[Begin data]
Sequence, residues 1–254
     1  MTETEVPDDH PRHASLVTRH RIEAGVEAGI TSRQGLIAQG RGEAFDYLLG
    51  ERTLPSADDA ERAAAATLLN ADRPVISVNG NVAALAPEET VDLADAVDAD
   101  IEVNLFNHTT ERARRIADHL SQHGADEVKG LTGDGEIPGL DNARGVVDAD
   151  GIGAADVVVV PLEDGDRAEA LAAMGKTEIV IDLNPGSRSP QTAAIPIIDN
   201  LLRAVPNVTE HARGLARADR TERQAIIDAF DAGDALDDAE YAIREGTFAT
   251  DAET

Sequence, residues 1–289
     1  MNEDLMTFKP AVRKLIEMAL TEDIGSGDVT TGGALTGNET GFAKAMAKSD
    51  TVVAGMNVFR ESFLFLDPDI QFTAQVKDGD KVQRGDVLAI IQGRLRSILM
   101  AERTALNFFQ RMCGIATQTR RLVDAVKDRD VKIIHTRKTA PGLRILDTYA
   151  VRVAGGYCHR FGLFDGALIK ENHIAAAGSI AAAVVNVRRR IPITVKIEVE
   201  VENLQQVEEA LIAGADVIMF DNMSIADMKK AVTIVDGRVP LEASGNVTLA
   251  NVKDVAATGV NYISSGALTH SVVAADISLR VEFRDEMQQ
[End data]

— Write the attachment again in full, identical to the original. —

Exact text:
Sequence, residues 1–254
     1  MTETEVPDDH PRHASLVTRH RIEAGVEAGI TSRQGLIAQG RGEAFDYLLG
    51  ERTLPSADDA ERAAAATLLN ADRPVISVNG NVAALAPEET VDLADAVDAD
   101  IEVNLFNHTT ERARRIADHL SQHGADEVKG LTGDGEIPGL DNARGVVDAD
   151  GIGAADVVVV PLEDGDRAEA LAAMGKTEIV IDLNPGSRSP QTAAIPIIDN
   201  LLRAVPNVTE HARGLARADR TERQAIIDAF DAGDALDDAE YAIREGTFAT
   251  DAET

Sequence, residues 1–289
     1  MNEDLMTFKP AVRKLIEMAL TEDIGSGDVT TGGALTGNET GFAKAMAKSD
    51  TVVAGMNVFR ESFLFLDPDI QFTAQVKDGD KVQRGDVLAI IQGRLRSILM
   101  AERTALNFFQ RMCGIATQTR RLVDAVKDRD VKIIHTRKTA PGLRILDTYA
   151  VRVAGGYCHR FGLFDGALIK ENHIAAAGSI AAAVVNVRRR IPITVKIEVE
   201  VENLQQVEEA LIAGADVIMF DNMSIADMKK AVTIVDGRVP LEASGNVTLA
   251  NVKDVAATGV NYISSGALTH SVVAADISLR VEFRDEMQQ